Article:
ST. PAUL, MINNESOTA – Recombinetics, a global biotechnology leader in gene editing of livestock for human therapeutics and food production
applications, has been awarded a $358,338 Phase I Small Business Innovative Research (SBIR) grant from the National Institute on Aging, National Institutes of Health (NIH) to create a genetically accurate porcine model of Alzheimer’s disease (AD).
Recombinetics develops precise swine models that replicate human congenital and progressive diseases, including neurodegenerative diseases, heart disease, diabetes, and cancer. The Company’s proprietary pig models are used in preclinical animal trials that provide a pathway to patient cures by enabling the development of safe and effective drugs and medical devices, at lower costs.
The AD model being developed by Recombinetics will accelerate the ability to identify preclinical therapeutic and diagnostic methods for early detection and treatments to prevent, halt, and reverse the progression of what is now an incurable, unpreventable neurodegenerative disease.
“With millions of lives at stake and an aging population, there’s a critical need to find methods of early detection and treatments for Alzheimer’s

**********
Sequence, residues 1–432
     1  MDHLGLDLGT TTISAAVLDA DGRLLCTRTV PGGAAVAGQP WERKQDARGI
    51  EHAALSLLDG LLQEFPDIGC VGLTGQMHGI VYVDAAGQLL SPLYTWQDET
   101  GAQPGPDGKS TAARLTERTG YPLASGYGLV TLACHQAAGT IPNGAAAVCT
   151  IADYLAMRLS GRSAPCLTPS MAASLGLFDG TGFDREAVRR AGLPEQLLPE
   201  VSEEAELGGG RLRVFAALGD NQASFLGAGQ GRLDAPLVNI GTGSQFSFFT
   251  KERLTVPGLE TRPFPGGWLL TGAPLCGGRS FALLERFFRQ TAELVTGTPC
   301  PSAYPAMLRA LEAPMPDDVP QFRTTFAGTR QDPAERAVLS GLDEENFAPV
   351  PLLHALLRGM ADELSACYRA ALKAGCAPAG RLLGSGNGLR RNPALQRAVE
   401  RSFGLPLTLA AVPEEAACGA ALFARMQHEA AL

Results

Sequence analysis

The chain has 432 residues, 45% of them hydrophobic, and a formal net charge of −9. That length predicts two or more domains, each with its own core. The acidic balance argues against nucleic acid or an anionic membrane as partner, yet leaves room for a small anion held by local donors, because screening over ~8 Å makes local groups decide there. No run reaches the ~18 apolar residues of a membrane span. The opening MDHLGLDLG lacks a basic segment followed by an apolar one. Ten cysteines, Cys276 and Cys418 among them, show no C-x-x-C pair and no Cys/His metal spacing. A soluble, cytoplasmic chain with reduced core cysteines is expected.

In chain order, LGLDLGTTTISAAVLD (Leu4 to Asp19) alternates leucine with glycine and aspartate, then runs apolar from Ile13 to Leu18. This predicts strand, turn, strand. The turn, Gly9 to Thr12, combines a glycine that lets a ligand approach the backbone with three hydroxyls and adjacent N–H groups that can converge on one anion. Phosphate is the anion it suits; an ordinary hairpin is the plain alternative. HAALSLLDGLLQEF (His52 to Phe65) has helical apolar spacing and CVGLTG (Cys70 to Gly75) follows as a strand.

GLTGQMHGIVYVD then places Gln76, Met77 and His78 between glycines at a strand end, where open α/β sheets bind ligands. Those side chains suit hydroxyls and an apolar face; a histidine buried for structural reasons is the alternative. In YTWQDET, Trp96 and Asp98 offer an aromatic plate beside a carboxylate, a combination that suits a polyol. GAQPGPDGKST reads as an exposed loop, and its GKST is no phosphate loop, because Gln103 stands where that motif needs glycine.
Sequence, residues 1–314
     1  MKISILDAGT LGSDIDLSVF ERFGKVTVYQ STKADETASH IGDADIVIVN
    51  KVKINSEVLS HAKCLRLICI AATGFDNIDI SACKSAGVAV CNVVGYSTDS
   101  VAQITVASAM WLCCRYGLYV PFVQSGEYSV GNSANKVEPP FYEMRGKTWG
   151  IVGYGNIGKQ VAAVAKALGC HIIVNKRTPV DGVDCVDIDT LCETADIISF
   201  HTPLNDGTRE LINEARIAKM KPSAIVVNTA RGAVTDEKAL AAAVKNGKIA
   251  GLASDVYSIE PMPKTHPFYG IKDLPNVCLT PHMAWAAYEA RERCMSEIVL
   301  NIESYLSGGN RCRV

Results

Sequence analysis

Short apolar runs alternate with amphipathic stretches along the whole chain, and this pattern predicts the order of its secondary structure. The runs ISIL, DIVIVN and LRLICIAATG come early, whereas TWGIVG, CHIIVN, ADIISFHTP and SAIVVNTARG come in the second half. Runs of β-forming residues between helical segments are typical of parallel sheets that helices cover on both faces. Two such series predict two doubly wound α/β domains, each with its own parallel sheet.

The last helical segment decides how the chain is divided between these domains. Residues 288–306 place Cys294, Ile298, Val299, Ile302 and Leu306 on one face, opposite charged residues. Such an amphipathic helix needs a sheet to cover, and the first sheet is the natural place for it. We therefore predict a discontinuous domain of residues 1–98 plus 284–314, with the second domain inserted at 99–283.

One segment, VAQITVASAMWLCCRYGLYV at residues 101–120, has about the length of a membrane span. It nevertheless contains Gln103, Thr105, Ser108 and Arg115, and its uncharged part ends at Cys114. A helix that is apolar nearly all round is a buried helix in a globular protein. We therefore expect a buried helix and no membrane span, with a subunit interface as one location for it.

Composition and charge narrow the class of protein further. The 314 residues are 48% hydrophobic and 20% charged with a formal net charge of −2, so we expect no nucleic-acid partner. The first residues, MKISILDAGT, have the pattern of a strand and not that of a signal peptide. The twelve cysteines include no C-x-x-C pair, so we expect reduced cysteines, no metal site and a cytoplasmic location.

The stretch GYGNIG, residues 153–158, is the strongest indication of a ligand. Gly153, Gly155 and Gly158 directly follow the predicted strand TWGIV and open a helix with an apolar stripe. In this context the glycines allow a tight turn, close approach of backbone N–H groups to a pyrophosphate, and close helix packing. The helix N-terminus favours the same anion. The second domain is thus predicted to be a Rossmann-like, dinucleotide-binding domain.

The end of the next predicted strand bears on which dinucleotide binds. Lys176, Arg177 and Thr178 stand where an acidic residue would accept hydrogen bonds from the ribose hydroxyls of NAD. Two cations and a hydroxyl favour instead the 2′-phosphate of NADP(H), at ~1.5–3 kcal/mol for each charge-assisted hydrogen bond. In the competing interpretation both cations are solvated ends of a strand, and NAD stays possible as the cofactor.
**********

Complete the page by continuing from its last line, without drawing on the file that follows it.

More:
patients,” said Scott Fahrenkrug, Recombinetics’ Executive Chairman and Chief Scientific Officer.
“Our model will better reflect the human condition and give pharmaceutical researchers a more accurate platform to test therapies that could benefit patients suffering from or at-risk for Alzheimer’s.”
Researchers are currently limited by overly simplified disease models, mostly rodents, that fail to reflect the AD pathology in humans, and therefore fail to enable disease detection and treatment. Recombinetics’ model to simulate AD in swine — an animal with 95% similarity to humans anatomically, genetically, histologically, metabolically, physiologically and cognitively – provides a more precise and accurate model for monitoring brain and behavioral function during the course of the disease and creates a more reliable model to test treatments.
Recombinetics’ Senior Scientist, Adrienne Watson, is the Principal Investigator awarded the NIH competitive grant. She added, “Recombinetics’ proprietary advances in gene editing enable us to optimize disease models to better replicate human disease conditions in animals. Additionally, the size of the swine we use, a minipig, allows for imaging in human MRI equipment to detect disease pathology in the brain. Our swine models serve as proxies for human patients in preclinical research and trials.”
According to the Alzheimer’s Association, this neurodegenerative disease affects 47 million people worldwide, including 5.4 million Americans currently living with the disease. In 2016, Alzheimer’s and other dementias will cost the US $236 billion. Unless something is done, in 2050, Alzheimer’s is projected to to cost $1.1 trillion.